Was the Union, was slavery enough, what was the actual driving force for thousands, to wit, stare each other in the face and then proceed to kill with impunity. I know a lot were scared, and others had myriad of emotions during the doing. But I keep coming back to what, if it exists, was the nuts of the matter to keep people shooting at each other for four years knowing they were going to die. I have visited most all major and many less known battlefields for years in the East and the West. It holds true in every instance that the boys no matter what color uniform were just willing to die. I SAY THAT THE UNION AND SLAVERY WAS NO THE WHOLE ANSWER.

    As an author one can noodle about plot and what it takes to sell a book but to me it is always about the facts, the possibles, the realism and how I would feel in a death situation say at the age of 22 when I had a young lady of prominence, looks and the will to know you in the Biblical sense.

    The reunions were of a totally different mind set to me. I would think the foremost thing on anyone’s mind was that I am still alive. That is the most precious state of all unless the hereafter delivers big time.

    Then for the big boys, they always have to be right!!!! Can not, will not admit that there was wrong on my part; nope will never take any heat for anything that I did.

    At the present the South is totally unraveled. There is no identity which probably started after the War and was compounded by all the Civil Rights laws. An uneducated person who has lived their whole life in one county and made one trip to see the elephant somewhere knows nothing other than what was passed down by mouth thru the generations but I digress. It still leaves me in the dark as to why they would stand point blanks and kill by the thousands. I had a cousin who one time said, “that those boys did not think it out all that well.” Sort of like our trips into Iraq.
    Beth it would be a wish to sit with you over tea and talk out this and other matters about the Civil War. You have the Historian DNA and the ability to communicate.
    One last thought. The preponderance of informations in all of these presentation mostly appear from Union sources and would surely bear the slight stigma of the Blue home front.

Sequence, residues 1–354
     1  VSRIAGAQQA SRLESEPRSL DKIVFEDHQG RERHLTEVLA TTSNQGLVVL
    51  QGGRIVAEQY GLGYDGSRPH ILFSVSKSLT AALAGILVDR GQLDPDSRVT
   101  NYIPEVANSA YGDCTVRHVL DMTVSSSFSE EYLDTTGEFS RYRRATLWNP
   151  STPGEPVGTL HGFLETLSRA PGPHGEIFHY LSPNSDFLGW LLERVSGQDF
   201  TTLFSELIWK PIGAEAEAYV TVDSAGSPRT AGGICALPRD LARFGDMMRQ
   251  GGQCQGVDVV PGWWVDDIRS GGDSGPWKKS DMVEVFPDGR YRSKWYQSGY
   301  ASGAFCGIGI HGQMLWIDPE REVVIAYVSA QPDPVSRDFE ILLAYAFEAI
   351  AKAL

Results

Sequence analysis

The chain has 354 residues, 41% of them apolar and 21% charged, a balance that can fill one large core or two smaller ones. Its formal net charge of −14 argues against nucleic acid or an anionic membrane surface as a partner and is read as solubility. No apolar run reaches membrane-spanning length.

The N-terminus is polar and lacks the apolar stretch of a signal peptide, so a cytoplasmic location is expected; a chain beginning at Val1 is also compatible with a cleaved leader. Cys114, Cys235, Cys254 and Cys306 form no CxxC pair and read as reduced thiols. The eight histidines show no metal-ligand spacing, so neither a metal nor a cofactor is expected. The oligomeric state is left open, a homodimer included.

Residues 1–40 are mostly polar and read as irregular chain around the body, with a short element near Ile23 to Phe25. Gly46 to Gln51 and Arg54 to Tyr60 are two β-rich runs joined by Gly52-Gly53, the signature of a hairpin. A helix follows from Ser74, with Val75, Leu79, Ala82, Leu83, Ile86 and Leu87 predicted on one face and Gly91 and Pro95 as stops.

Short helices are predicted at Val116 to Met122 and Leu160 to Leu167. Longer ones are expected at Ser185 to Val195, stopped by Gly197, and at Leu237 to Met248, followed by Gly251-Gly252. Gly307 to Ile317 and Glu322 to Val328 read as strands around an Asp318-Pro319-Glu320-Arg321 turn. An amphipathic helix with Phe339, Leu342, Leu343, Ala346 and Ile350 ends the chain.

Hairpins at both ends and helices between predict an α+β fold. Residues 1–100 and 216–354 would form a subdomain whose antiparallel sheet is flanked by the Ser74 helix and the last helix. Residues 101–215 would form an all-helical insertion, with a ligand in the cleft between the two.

Enough for now.


    1. Interesting commentary, Daniel. I will certainly pass along your views to Ms. Parnicza. Out of curiosity – what do you mean bu “historian of sorts”?

    2. Daniel,

      Thanks for your kind comments on my program and for taking the time to write up your thoughts!

      You bring up a lot of ideas, but it seems to me the heart of what you’re asking is a universal question of war. What in the hearts and minds of average young men (and now women) compels them to sign up to not only risk their lives but also to kill others, when their lives at home bear no resemblance to the violence, pain, and drudgery of war?

      The answers, of course, would differ for any Union soldier you asked, but the two that you present–Union and the abolition of slavery–are the boiled down answers that I would give. Stated that way, they don’t quite sound enough. But if you put yourself in a prospective soldier’s shoes, I should hope you would be looking for a cause greater than yourself if you’re thinking of sacrificing your own life or taking another’s.

      Preservation of the Union means preservation of your country, preservation of the way of life and functionality of your nation as you know it. It means following in your collective ancestor’s footsteps in carrying on the fight for liberty and Revolutionary ideals. It means striking back at the folks who think they can dissolve the Union just because they disagree with shifting power in Congress and the presidency. It’s economics, politics, patriotism, idealism, and youth combined

      While the abolition of slavery was less of a universal among Union soldiers, if you knew your death would contribute to the freedom of millions of others, would you think it worthwhile? It probably depends on your own values and your feelings about those “others,” but it sounds like a compelling argument to me.

      Other factors weigh in, too. You might’ve signed up for Union, abolition of slavery, pay, adventure–but you might go ahead and stay in line and shoot at the enemy because if you don’t, you’ll face court martial, let down your fellow soldier, or shame yourself in front of your friends from home.

      The bottom line is, it’s these issues as the roots, but they grow into so much more when you start to dig into them. There’s no better way to answer a nagging thought than to tackle it with a book or two. I’d recommend James McPherson’s “For Cause and Comrades,” Gary Gallagher’s “The Union War,” and (one of my all-time favorites) for a better understanding of the process and weight of killing and dying on a soldier and a society, Drew Gilpin Faust’s “This Republic of Suffering.”

      In terms of the overriding themes of each reunion, I’d agree to a point that participants were focused on being alive. From what I’ve found, most veterans were overwhelmed, nearly consumed with thoughts of the dead–whether specific comrades lost or simply the environment of a battlefield in the immediate aftermath of battle. Survivor’s guilt seems more the tune than gratitude for life, though I think that both were present. As years passed, events did become more political, and it was important for both sides to affirm that they were, of course, correct. It stands to reason that any individual would hope to justify his or her actions, whether on the winning side or not. Have you read Keith’s book? It’s certainly worth checking out for a more developed view of how veterans kept to their wartime causes in peace.

      I’m not entirely sure where you’re going with your comments on the south. Feel free to clarify, and I’ll see what I can do to respond.

      As far as most of my sources being Union, the most written-about reunions and visits in the Fredericksburg area came from Union soldiers and units. It does add a certain tint, though, which is fascinating in itself.

      By all means, stop by the park sometime to chat! I’m a real sucker for chamomile tea.